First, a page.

“But I don’t enjoy reading” is a statement I hear regularly when having this conversation with people while encouraging them to start the habit of reading daily in their lives. This is where I generally encourage them to find something that they could enjoy and start there. But the truth is, just reading is the key.  In my childhood, I found that reading fictional stories about far off lands and sword fighting between brave knights and mythical creatures was the most interesting. I read books like the Lord of the Rings, Xanth, Sword of Truth, and Harry Potter as if they were the air I breathed.  At a point, I felt as if I was spending too much time reading fiction and needed to convert my habits into productive reading material.  Enter Malcolm Gladwell, Simon Sinek, Daniel Pink, and the likes.  The scope of the world changed around me, and I began adding other beneficial reading content to my life, in the forms of books on emerging technologies, math and software engineering refresher, and journal articles of respected military leaders.  All of this was, and is, beneficial to my life and has given me invaluable lessons I will use in each one of those fields.  What I did not realize, until a few years went by of not reading any fiction, was the learning and development I had to sacrifice when I took those fiction books off the table.  When we open books on a subject – take math or science as an example – our mind puts itself in a box to study and learn about those subjects. We put limitations on what we expect and therefore are dialing back our creative and divergent thinking experience.  This is just simply not the case when we read fiction.  We rarely know what the full story is going to be about and take lessons from the book and apply them to every other area of our lives. Lord of the Rings is a great example of this as many leadership lessons, language studies, and scientific references have come from different aspects of Tokien’s books. Fiction allows you to explore known and unknown areas of our minds in search of meaning, understanding, and relationships often resulting in personal epiphanies throughout the imaginative journey. This is not to say that fiction is more valuable than reading nonfiction and subject matter studies, just do not count it out. Then, the question becomes, “What should you start reading?” Really, anything. Take a look at General Mattis’s quote again, “If you don’t read, you can’t lead.”  He did not say if you do not read the military history on the Cold War, you cannot lead. It is evident in his direction to us all that it is the act of reading that is most valuable. The subjects we read about come second. We must-read.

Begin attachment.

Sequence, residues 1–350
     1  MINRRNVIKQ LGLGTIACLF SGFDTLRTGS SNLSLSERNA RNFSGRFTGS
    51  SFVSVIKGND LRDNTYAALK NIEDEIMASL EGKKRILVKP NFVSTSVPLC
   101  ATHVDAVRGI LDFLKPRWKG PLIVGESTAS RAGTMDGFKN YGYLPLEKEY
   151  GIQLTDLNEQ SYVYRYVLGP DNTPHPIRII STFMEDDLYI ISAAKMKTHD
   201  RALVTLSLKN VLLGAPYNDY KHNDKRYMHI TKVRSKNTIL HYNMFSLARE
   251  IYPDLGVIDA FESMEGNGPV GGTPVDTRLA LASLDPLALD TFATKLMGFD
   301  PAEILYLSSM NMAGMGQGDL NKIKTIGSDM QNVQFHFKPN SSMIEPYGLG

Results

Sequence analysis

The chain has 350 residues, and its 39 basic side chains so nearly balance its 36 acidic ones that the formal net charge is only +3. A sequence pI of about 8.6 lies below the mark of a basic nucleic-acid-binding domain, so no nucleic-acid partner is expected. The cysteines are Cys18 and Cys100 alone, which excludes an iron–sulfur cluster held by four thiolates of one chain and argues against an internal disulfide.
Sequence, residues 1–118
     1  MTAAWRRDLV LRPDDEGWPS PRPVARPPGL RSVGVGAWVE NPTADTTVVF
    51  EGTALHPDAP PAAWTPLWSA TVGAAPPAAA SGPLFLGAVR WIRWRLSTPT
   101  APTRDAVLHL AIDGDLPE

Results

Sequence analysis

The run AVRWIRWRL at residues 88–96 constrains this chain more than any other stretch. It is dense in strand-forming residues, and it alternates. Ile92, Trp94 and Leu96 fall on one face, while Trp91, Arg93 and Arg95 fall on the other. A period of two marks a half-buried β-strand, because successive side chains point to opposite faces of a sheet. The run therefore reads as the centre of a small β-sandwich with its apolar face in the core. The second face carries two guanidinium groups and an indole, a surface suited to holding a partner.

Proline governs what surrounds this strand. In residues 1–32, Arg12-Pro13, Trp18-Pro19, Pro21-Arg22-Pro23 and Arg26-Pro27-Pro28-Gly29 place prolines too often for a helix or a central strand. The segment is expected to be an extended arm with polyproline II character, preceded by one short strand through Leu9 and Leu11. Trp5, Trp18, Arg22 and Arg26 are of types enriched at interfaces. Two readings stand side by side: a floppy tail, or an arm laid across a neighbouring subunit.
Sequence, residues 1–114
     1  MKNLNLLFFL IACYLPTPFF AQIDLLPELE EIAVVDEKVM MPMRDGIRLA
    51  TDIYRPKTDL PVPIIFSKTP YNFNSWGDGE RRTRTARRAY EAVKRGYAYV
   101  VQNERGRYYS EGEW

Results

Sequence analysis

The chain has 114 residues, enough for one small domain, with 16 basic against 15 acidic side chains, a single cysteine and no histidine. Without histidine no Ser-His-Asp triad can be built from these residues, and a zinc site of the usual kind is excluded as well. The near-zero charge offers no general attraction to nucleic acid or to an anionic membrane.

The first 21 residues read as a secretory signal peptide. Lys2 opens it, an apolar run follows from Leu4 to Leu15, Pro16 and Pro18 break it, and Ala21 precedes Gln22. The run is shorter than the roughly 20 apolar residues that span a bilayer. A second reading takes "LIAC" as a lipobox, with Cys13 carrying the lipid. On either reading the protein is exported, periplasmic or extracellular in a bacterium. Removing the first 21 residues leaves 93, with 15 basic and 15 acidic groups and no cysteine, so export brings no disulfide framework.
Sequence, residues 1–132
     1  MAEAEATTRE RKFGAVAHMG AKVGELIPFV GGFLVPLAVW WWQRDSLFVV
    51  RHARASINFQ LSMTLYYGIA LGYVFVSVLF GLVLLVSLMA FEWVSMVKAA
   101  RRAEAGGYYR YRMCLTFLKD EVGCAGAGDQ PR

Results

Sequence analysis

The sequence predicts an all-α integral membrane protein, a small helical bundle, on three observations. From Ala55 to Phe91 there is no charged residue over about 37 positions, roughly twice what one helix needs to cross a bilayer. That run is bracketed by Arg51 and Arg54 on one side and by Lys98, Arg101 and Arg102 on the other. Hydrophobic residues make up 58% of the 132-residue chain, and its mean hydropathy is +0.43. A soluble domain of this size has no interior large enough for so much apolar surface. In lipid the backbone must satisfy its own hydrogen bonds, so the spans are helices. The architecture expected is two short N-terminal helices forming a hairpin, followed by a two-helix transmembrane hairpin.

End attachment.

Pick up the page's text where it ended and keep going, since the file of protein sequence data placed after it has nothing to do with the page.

If there is anything taken from this writing, it is that reading should be to your mind what food and water are to your body.  As your body cannot survive without food and water, your mind will decompose without reading. There is value in all kinds of reading, so I will not discriminate against where you start.  The recipe for a successful start is simple and only two steps: 1. Read whatever you want; and try to enjoy it.  2. Read when you can, but start immediately and be consistent.